November 1 is still a few weeks away but Dia de los Muertos—the Mexican Day of the Dead—came early to the Peabody. On Thursday September 29 Dr. Marisela Ramos of the History and Social Sciences Department brought her History 200 class. The class has been learning about different civilizations from around the world and the Peabody’s Dia de los Muertos lesson is a fun and interactive way for the students to learn about a holiday that is still celebrated today, but which has deep roots to a time before Europeans came to the Americas.
The holiday is celebrated in Mexico and is a mix of traditional native beliefs (primarily from the Maya and Aztec cultures) that were combined with European Catholic traditions. It is believed that between October 31 and November 2—coinciding with Catholicism’s All Saints Day and All Souls Day—that the souls of loved ones return. Many homes have alters with images of the deceased. Marigolds are often placed on the alters, as the smell helps guide the souls home, and food is left out for the souls to eat after their long journey.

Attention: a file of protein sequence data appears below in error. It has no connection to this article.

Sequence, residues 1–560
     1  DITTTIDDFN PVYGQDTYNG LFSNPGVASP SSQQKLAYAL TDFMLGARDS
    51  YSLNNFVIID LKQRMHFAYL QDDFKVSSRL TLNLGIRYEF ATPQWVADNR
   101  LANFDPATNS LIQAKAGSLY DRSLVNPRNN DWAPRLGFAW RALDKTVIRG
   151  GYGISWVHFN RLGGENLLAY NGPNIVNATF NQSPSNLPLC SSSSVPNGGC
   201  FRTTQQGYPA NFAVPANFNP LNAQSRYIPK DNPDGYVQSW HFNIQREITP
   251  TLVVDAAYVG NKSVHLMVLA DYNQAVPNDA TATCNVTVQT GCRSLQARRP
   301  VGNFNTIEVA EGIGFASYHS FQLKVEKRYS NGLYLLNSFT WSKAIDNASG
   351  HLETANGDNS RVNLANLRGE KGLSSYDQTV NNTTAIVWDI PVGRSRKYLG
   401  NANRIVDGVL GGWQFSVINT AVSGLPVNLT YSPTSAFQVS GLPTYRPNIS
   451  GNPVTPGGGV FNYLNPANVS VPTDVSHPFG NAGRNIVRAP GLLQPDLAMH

Our alter has images of notable people connected with the Peabody:
- Robert Singlton Peabody – Our founder and PA class of 1857. His image is always in a place of honor.
- Charles Peabody – Son of Robert and the first director of the Peabody Museum.
- Warren Moorehead – Excavated many important archaeological sites and appointed by Theodore Roosevelt to the federal Board of Indian Commissioners.
- Alfred Kidder – Considered the “Grandfather of American Archaeology” for his work at Pecos Pueblo.
- Douglas Byers – Helped to professionalize the field of archaeology into a legitimate science.
- Frederick Johnson – One of the first archaeologists to engage experts from other fields while investigating the Boylston Street Fishweir site in Boston.
- Adelaide Bullen – Excavated the Lucy Foster Site in Andover, one of the first archaeological studies of a free Black
- Ripley Bullen – Husband of Adelaide. Excavated many sites locally in and around Andover while doing graduate work at Harvard.
- Richard “Scotty” MacNeish – Investigated the origins of agriculture and civilization in the Americas.
- Gene Winter – Served as museum caretaker in the 1980s and served as honorary curator. He was associated with the museum for over 70 years.
Students in Dr. Ramos’s class helped arrange the altar and made paper flowers to decorate the shrine as they also enjoyed traditional Mexican candy given out during the holiday.